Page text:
December 21, 2016
Another NaNo...Another Life Lesson
As many of you know, I participated in my 4th National Novel Writing Month this November, and made it for the 50,000 word win for the 3rd time in a row.
First, let me explain something to you about NaNoWriMo that you don't likely understand if you are a) not a writer, and b) have never participated in NaNo yourself.
It is all encompassing.
When you participate in NaNo for the win, you live and breathe NaNo. To write 50,000 words in 30 days, you have to average 1667 words per day. (And, remember, you're not just putting any old words on a page here, you're creating a whole other world...and you're hoping at least most of the words aren't total crap.) That's a fair amount of work, especially if you have a job or a life or young children who aren't in school all day. You have to work writing time into your regular life schedule, and you have to immerse yourself in what you're writing. Which means you become obsessed with the whole thing. It also means that it's really hard not to talk about it all the time. (Because, seriously, you want to talk about it All. The. Time.) Consequently, I feel the need to apologize to everyone who had to be around me last month. I probably should even apologize for this blog post, which is really just another excuse for me to talk about NaNo and writing. I'm like a needy child. Sorry.
Anyway, this year's experience was a little different from years past. First of all, I wasn't starting a new novel, I was finishing the one I started during NaNo 2015. Second, I had done the most extensive prep-work yet: outlining, plotting and researching--even more than last year. This meant that the writing seemed to come a bit easier. Which meant getting in my word count each day wasn't as difficult. Which meant I actually finished two days early. I've never done that before. Plus, by year four, I feel like I'm just plain getting a little better at it.
But none of that is really what I want to talk about.
NaNo, for me, is about so much more than writing 50,000 words in 30 days. It is a kind of celebration of writing. It marks the anniversary of when I really started to get serious about writing as an adult, about going after a life-long dream. Because here's the thing, for as long as I can remember I've wanted to be a writer. I've wanted to write stories since, well, since I could write. And it was a dream that lived mostly inside of me, until four years ago.
I really hope to one day get one of my books published. But let's be real here, there's a pretty decent chance that that will never happen. (It's really hard to get published.) I hope it does happen...I believe it will...but it may not. Which means I have to reconcile spending lots and lots of time and energy on something that may never come to what our culture would traditionally accept as "fruition." And some days that can be tough.
When I'm alone, it's not so bad. I'm lost in my work and it feels like that's all that matters. But when I'm out amongst the people, it can get tough.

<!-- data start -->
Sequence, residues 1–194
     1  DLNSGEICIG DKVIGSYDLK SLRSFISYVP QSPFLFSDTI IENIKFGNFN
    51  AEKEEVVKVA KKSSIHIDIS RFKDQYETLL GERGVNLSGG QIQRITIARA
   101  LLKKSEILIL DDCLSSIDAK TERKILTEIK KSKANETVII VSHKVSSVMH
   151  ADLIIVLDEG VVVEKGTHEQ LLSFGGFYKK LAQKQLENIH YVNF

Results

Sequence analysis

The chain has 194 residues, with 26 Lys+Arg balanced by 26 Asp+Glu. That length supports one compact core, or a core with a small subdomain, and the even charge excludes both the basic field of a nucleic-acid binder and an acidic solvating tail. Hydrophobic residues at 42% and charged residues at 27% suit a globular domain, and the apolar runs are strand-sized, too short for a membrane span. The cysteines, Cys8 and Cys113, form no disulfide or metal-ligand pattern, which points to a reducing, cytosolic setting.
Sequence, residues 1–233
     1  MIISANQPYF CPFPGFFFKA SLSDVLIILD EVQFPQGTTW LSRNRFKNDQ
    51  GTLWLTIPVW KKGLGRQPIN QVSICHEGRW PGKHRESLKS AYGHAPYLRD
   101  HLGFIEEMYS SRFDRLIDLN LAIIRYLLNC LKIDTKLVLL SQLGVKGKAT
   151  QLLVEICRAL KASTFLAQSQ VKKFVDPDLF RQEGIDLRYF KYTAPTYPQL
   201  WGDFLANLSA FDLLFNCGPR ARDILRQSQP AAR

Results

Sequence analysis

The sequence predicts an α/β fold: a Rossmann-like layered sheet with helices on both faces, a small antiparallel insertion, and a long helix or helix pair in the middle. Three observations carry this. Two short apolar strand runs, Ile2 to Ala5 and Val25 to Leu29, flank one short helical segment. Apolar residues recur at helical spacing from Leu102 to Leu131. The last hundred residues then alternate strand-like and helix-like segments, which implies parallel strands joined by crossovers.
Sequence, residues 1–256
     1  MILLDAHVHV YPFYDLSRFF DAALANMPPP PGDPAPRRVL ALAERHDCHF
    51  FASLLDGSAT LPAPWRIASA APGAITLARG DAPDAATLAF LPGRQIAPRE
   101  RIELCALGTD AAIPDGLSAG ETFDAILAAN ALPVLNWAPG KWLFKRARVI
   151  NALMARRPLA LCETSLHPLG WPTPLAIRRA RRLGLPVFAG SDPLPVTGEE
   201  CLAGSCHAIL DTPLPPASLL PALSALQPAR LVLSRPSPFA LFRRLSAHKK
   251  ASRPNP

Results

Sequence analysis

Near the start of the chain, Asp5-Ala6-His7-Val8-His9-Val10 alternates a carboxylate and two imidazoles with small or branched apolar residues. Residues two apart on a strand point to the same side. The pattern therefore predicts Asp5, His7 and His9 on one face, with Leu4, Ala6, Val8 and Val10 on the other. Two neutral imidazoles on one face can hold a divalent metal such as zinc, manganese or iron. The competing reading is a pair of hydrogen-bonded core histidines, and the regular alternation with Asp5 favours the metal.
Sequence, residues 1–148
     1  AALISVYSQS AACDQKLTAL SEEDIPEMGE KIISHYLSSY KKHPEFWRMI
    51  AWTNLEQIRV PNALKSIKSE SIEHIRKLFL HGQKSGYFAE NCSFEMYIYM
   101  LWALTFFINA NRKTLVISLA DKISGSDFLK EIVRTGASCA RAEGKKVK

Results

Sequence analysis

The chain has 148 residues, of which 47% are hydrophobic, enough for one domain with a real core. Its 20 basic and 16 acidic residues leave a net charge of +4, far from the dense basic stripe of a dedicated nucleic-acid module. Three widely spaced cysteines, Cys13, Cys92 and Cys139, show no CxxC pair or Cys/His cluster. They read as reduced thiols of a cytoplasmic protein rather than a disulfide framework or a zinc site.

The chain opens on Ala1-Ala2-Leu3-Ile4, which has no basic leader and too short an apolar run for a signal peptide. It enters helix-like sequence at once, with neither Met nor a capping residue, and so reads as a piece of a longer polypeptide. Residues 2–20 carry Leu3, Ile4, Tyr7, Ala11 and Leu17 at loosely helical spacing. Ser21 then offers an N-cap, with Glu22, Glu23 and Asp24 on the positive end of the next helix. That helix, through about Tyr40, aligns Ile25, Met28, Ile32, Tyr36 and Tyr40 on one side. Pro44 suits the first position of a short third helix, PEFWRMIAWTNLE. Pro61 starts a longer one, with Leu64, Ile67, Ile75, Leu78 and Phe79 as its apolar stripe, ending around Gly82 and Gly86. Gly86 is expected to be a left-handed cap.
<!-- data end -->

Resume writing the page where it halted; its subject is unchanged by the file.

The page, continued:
Person: So, what do you do?
Me: I stay home with my kids...and I write.
Person: Oh, you write? What books have you published? Anything I might have heard of?
Me: Well, I haven't actually published any yet, but...fingers crossed.
Person: Oh, well, um, good luck with that. (wonders why I call myself a writer when I'm not published yet and looks awkwardly for subject change)
Me: (feels suddenly like a failure despite trying to go after my dreams) So, how about this weather?
Our culture does not support going after your dreams unless you actually achieve them. Only then are you a success story (especially if you make lots of money when you achieve them). No wonder so many of us focus on the destination rather than the journey. (And why we're all so amazed by things like the Tibetan monks who do the sand mandala paintings--hours and hours of work to create something so beautiful, only to sweep it away to symbolize the impermanence of life. ...Wait, they do what??)
And it can be hard to go against popular culture in any way. I can think of lots of examples, some big things, some small...like being a stay-at-home mom, for example, (especially after having a career)...or, hold onto your hats here, being a stay-at-home dad! There's so much pressure to do it all and be it all...have the family and the career and be awesome at everything. Or it can be things like: choosing to homeschool your kids; choosing not to have kids (or not to get married); choosing not to join the uber-prevelant and super-competitive "busyness culture"; choosing not to buy into the pretty/sexy girl culture...the list of ways we can, and do, buck the system/go against the grain/stand up to pop culture is never ending. So I'll stop my random brainstorm there. Because I do have a point. (Thank goodness.)
It can be hard sometimes to do what is right for you when it isn't what fits neatly into the culture you live in. But it's so, so, so important to do it anyway. Life is so short, you must do what you were put here to do and you must do it your way. You must live the life you want. Even if it's not what your parents want or what your friends think is cool or what fits within the narrow strokes of what our culture has painted success to be.
And this is what NaNo does for me: it provides a sub-culture that supports my dream; it validates what I spend so much of my time on, even if I haven't reached the imaginary finish line; it doesn't judge or get awkward, it just gives me a safe place to create my own kind of sand mandala; and it gives me other writers who, like the monks who pray around those painting the mandala, support and encourage and send good mojo. And that counts for a lot.
Until next time, go buck the system and live the life you choose. Do what makes you happy. Follow your dreams. And don't worry about what others think.
Namaste, my friend.